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Indian clinic treats Bangladeshis seeking mercy deaths for free

Mumbai-based Institute offers stem cell therapy

MEHERPUR: In this photograph taken on January 20, 2017, Bangladeshi father and fruit vendor Tofazzal Hossain (top R-standing), who has sparked a debate over assisted suicide, is seen with his family. — AFP

DHAKA: Three Bangladeshis suffering from a highly debilitating form of muscular dystrophy are receiving free treatment in India after a relative’s plea for them to be allowed to die brought their plight to global attention. Fruit seller Tofazzal Hossain sparked a rare debate about euthanasia in conservative Bangladesh in January when he pleaded with the authorities to allow his grandson and two sons to die. All three suffer from Duchenne Muscular Dystrophy, a rare genetic disorder characterized by progressive muscle degeneration. Patients rarely live beyond 30.

Now the Mumbai-based NeuroGen Brain and Spine Institute has offered to treat them using a new stem cell therapy that it says has improved the condition of hundreds of patients. Spokeswoman Avantika Patil said the family had arrived at the clinic on Sunday after an Indian airline flew them free of charge. “The disorder is incurable of course. They suffer from severe form of muscular dystrophy,” she said, adding what the clinic was trying to do to was to improve their conditions.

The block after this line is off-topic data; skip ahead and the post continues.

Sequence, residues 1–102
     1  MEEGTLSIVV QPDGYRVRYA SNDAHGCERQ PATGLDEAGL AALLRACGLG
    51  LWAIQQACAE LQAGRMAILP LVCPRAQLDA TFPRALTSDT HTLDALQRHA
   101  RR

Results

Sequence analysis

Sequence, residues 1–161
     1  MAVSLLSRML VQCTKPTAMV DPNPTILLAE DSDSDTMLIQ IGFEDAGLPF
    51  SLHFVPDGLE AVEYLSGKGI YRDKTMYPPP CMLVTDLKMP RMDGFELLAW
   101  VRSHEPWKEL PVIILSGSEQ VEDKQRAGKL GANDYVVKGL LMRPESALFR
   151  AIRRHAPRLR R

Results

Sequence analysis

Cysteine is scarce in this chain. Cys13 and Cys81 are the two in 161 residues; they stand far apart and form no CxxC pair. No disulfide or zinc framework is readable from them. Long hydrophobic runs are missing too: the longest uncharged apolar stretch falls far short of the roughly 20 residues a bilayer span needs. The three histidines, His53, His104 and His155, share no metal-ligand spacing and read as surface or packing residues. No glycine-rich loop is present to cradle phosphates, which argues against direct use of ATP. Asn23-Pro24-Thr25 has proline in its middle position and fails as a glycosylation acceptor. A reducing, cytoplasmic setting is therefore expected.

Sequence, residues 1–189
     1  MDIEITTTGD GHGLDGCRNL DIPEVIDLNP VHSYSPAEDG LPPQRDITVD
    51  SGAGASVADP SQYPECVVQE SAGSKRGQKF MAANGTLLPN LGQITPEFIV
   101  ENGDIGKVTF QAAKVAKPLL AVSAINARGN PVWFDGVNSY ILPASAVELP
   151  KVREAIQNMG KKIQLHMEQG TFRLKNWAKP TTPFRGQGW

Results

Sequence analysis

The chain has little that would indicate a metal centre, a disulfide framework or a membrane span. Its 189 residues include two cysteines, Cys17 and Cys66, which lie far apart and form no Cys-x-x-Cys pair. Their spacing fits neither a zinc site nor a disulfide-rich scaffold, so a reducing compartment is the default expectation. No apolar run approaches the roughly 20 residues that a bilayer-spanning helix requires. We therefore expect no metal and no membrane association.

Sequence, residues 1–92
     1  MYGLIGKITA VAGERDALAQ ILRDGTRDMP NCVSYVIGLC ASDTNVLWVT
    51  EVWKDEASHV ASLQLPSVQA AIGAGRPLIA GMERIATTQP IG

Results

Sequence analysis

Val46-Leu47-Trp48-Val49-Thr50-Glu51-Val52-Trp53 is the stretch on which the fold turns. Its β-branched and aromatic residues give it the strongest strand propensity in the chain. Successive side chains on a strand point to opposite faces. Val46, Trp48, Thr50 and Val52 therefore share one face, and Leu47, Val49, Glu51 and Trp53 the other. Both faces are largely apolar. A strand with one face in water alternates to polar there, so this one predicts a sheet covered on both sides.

Hossain said the treatment was the last hope for his sons and the grandson. “I am hopeful. They have carried out the first round of operations,” a tearful Hossain said by phone from Mumbai. “I hope they will be cured by the grace of Allah.” One of Asia’s poorest countries, Bangladesh has no free health care and medical treatment is often beyond the reach of many of the country’s 160 million people. An estimated 600,000 Bangladeshis suffer from incurable diseases, yet the country has just one palliative care centre and no hospice services.

This leaves few treatment options for Hossain’s sons, aged 24 and 13, and his eight-year-old grandson. Hossain said his sons were unable to move and could do little for themselves. The younger boy’s condition is better, but is worsening. Their plight has sparked a rarely-seen debate about euthanasia in Bangladesh, where attempted suicide can land you in prison. So-called “mercy killing” is forbidden both under the secular law of the land, and by the religious code adhered to by Bangladesh’s Muslim-majority population.–AFP

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